Warren Buffett’s Berkshire takes bigger bite of Apple
Move comes as other investors like George Soros and Carl Icahn have sold their shares
Berkshire revealed its higher Apple stake on the same day George Soros’ firm Soros Fund Management and Leon Cooperman’s Omega Advisors said they dissolved their own Apple stakes
Berkshire owned 15.23 million Apple shares worth $1.46 billion as of June 30th, up from 9.81 million shares as of March 31st, according to a regulatory filing from Buffett’s Omaha, Nebraska-based conglomerate.
The filing also said Berkshire cut its stake in Wal-Mart Stores, the world’s largest retailer, by 27 per cent to about 40.23 million shares from 55.24 million. Wal-Mart has been in Berkshire’s portfolio for more than a decade.
Berkshire owned more than $133 billion of equities as of June 30th. Mr Buffett is typically responsible for larger investments such as Wal-Mart, while his deputies handle smaller investments.
“They have more of a trading orientation than Buffett, and may view Apple as attractive because the stock appears cheap or may have a catalyst later this year,” Jim Shanahan, an equity analyst at Edward Jones, said in a phone interview. “If Warren Buffett is buying a stock, he’s probably not going to sell it, or at least not sell for a very long time.”
Berkshire also owns roughly 90 businesses including Geico car insurance, the BNSF railroad, Dairy Queen ice cream, Duracell batteries, and Fruit of the Loom underwear. It also paid $32.1 billion in January for aircraft and industrial parts maker Precision Castparts Corp, Buffett’s largest purchase.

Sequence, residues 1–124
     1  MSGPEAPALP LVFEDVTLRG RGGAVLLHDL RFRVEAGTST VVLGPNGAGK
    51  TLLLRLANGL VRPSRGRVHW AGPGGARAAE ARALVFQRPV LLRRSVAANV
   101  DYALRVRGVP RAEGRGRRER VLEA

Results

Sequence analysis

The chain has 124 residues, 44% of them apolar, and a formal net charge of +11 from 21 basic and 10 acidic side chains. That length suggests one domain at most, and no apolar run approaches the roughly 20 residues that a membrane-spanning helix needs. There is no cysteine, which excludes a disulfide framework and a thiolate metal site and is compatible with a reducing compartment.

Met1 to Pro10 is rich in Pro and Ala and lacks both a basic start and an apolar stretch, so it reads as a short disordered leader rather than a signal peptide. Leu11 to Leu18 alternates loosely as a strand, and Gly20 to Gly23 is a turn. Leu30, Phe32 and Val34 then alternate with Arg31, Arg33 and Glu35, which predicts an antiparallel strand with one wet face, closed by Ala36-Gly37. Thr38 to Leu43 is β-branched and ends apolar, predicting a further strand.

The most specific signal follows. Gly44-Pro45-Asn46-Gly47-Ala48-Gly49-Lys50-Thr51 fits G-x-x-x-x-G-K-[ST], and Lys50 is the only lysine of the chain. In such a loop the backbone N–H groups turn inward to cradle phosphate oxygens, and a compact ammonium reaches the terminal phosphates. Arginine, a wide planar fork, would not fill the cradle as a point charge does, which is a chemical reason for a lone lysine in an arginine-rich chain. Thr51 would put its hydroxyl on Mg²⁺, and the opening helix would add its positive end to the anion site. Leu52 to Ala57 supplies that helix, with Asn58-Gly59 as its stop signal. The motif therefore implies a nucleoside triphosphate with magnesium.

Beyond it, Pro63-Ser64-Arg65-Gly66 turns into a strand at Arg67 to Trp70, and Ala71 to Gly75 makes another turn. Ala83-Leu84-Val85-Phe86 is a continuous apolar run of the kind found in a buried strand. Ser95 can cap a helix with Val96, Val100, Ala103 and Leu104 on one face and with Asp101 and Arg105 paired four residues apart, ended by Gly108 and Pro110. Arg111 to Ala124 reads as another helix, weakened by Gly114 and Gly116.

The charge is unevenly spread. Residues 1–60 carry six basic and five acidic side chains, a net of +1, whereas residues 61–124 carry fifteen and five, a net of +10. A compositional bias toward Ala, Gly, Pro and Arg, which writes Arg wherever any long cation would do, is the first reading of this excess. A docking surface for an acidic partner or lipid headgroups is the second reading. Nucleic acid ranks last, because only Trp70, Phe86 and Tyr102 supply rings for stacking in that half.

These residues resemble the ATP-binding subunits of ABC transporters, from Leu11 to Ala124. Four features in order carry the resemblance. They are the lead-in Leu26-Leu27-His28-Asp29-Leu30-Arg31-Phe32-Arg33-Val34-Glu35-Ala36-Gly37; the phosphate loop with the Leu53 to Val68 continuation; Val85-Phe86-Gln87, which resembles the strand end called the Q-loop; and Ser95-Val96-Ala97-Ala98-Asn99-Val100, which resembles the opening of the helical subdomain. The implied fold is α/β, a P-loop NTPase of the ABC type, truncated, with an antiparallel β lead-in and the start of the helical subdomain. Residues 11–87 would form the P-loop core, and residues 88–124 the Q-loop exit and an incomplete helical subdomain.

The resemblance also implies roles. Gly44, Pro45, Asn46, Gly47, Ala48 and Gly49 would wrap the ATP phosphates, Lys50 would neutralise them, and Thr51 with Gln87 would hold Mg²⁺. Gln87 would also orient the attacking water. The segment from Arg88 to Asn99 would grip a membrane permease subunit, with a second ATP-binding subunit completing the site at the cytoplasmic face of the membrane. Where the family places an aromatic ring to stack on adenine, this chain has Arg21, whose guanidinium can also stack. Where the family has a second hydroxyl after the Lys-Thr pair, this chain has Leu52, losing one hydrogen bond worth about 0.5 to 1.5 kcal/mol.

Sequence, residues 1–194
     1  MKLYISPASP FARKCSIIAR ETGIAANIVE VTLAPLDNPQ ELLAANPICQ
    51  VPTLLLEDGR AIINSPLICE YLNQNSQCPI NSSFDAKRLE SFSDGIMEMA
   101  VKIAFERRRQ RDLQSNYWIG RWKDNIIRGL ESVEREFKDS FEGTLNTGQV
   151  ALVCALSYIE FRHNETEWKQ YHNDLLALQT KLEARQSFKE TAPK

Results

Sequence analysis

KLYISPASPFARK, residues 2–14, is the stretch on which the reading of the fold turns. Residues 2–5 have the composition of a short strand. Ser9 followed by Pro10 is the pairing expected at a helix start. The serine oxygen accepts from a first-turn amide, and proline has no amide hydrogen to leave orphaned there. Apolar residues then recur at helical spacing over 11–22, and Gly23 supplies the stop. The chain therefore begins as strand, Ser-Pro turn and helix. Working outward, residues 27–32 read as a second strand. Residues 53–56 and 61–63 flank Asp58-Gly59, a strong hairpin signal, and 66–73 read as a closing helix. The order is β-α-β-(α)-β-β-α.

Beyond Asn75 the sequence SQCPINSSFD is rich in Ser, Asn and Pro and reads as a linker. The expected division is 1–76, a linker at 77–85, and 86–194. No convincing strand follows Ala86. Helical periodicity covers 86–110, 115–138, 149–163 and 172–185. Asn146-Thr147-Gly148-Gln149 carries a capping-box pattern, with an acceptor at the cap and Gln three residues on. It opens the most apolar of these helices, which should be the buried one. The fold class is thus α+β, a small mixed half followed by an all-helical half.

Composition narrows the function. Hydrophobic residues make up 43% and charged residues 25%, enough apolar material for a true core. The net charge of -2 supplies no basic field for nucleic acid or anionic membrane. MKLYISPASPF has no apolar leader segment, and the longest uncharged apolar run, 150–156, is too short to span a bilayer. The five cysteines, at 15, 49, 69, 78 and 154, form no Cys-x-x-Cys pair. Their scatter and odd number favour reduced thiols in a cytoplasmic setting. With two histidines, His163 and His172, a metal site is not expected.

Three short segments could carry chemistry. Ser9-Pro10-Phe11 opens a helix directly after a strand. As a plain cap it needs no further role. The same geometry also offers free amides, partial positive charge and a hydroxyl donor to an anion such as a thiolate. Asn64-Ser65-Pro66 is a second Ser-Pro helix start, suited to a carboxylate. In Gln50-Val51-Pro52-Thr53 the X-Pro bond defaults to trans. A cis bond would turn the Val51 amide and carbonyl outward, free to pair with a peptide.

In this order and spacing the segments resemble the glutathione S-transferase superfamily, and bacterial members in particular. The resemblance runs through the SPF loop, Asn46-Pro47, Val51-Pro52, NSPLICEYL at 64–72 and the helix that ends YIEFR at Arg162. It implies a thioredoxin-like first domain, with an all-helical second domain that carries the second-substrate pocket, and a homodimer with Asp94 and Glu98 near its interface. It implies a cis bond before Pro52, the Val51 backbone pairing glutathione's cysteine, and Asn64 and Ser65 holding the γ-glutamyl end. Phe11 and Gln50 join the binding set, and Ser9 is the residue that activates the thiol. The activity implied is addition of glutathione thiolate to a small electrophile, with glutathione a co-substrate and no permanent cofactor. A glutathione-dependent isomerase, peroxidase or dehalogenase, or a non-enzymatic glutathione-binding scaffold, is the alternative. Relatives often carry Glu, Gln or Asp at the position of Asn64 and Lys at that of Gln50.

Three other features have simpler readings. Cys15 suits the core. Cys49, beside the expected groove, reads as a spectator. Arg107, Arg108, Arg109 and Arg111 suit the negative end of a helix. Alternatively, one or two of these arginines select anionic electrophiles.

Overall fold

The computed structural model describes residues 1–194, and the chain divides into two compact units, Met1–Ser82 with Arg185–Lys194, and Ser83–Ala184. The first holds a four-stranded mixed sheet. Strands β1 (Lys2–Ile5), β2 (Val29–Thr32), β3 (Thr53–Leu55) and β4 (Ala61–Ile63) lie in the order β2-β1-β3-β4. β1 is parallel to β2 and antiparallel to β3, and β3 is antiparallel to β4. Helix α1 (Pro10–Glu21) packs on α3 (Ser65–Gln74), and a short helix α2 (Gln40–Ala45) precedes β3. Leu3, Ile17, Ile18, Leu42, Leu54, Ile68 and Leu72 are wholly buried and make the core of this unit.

Share prices often rise when investors perceive that Berkshire has given them its imprimatur, including the 3.7 per cent one-day boost that Apple got in May after Berkshire unexpectedly revealed it had taken a stake.
Berkshire revealed its higher Apple stake on the same day George Soros’ firm Soros Fund Management and Leon Cooperman’s Omega Advisors said they dissolved their own Apple stakes.
Mr Icahn in April said he had sold his entire Apple stake, citing concerns about China’s policies regarding the company. He later said he would reinvest in Apple if his concerns ebbed.
Monday’s Berkshire filing also disclosed other portfolio changes, among them lower stakes in farm equipment maker Deere and Canadian oil and gas company Suncor Energy, and a higher stake in John Malone’s telecommunications company Liberty Global.
It also reflected Berkshire’s more than 14 per cent stake in oil refiner Phillips 66.
Mr Shanahan said he believes Berkshire has been shedding Wal-Mart shares at least in part to buy Phillips 66. He has a “buy” rating on Berkshire.